Home Page



Post Database

PDB Helpdesk: Floppy Drive Problems
By Thiravudh Khoman

I have no sure-fire answers to Leslie Barclay's problems (Post Database, December 29, 1999), but if I were to guess:

  1. It's possible that the floppy drives of the PCs at Les' school are the problem: either they're out of alignment or are the ones that need to be cleaned, not his notebook's. Floppy drives, while pretty sturdy in my experience, occasionally run into problems especially if one routinely saves files to floppies as opposed to copying files there. Checking drive alignment, unfortunately, requires special software and thus I'm going to have to skip over this. As for cleaning, if the school PCs are in a dusty environment, it wouldn't hurt to give them a pass with a cleaning diskette. Personally, though, I've never had the occasion to clean a floppy drive ever since I started using 3.5" floppies.
  2. It's possible that the problems are due to the floppies used. Are the problem floppies old? Has reader Les ever reformatted them? Brand new diskettes which come pre-formatted may eventually need to be reformatted if they're used a lot as the drive heads rub against the disk surface; doubly so if the diskettes are written to by many drives. Reformatting in this case involves a full format, by the way, not a quick format. Go to DOS and type: format a: /u. This performs an "unconditional format". If any bad sectors are reported after the format is completed, I suggest throwing the floppy away - or do what I do and fold the diskette in half with one hand, Superman-style. Floppies are so cheap these days that it's not worth keeping diskettes with bad sectors, which could cause you problems later (at the most inopportune time, of course). Anyway, try a new diskette and see if the problem persists. By the way, if reader Les is still using 720kb floppies, stop immediately and copy the files to 1.44mb diskettes. Then throw the 720's away. They were a lot of lousy 720kb floppies back then.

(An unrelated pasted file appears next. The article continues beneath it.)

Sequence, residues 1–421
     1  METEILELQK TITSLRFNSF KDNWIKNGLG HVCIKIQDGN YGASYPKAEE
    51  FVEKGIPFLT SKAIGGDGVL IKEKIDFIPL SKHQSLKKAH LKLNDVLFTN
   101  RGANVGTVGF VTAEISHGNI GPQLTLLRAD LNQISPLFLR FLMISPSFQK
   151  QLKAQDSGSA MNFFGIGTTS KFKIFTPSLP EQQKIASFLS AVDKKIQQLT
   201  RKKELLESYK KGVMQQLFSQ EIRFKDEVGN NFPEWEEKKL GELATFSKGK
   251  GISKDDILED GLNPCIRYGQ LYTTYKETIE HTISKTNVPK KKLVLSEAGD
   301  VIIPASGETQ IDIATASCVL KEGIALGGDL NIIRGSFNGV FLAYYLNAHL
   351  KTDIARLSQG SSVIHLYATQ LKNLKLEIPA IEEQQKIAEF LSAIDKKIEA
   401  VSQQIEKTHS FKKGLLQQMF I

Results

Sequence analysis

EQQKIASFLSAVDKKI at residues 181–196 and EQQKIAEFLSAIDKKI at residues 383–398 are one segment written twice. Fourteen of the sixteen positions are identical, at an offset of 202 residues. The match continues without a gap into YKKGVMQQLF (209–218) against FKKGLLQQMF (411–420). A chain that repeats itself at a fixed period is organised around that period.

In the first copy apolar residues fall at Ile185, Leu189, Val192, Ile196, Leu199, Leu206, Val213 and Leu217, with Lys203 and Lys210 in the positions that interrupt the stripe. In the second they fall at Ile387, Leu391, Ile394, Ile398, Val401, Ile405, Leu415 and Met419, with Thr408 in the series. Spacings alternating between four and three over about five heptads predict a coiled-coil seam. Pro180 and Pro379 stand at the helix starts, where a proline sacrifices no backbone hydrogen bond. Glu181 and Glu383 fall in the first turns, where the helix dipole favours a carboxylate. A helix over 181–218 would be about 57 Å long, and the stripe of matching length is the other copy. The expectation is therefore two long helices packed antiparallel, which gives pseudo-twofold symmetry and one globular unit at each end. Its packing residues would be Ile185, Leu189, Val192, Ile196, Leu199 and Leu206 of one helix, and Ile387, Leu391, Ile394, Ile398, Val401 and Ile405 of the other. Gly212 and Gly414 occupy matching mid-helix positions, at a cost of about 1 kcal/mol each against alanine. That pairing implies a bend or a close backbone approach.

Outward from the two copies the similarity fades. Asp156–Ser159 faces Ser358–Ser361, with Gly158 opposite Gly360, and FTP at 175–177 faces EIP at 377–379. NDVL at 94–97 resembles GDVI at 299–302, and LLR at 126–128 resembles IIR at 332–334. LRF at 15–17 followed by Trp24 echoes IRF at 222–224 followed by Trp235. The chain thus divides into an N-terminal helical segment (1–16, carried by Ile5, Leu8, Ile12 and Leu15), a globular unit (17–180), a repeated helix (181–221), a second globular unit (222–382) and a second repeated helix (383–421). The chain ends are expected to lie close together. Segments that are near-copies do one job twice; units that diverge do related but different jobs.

3. If reader Les still suspects his floppy drive to be the culprit, he should send it to the notebook's local rep and have them take a look inside (this is usually free). A few weeks back, a reader had an intermittent problem with a CD-ROM drive which was due to a loose cable. If this were a desktop PC, I'd recommend checking the cables as well. But with a notebook computer this is much more complicated and is best done by a manufacturer's rep. If a local rep doesn't exist, one should probably resist the temptation to have a non-qualified vendor take the machine apart. It's just too risky.
  4. As for the 3M SuperDisk (also known as an LS-120 drive), I've had some experiences with it. Several of our Compaqs at work came with these instead of regular 1.44mb floppy drives (there was a special at the time). It should be noted that Compaq no longer bundles these. It should also be noted that I've since replaced these with regular 1.44mb drives. Why? First of all, I ran into intermittent problems getting other 1.44mb drives to read diskettes written by and especially formatted on the LS-120's. Secondly, Windows 95 requires a special device driver in order to use the drive (Windows 98 and NT don't though) which is an added bother. Thirdly, as a backup device, a Zip drive is probably a better choice (although it holds 20mb less) because the drive and its media easier to find. This is not to say that the drive is bad - it's not - but I'd think twice about using it as the sole replacement for a 1.44mb drive. Consider also, that it may or may not be possible to get the notebook to boot from the external SuperDisk drive (check first).

Copyright © 1998-2000, Thiravudh Khoman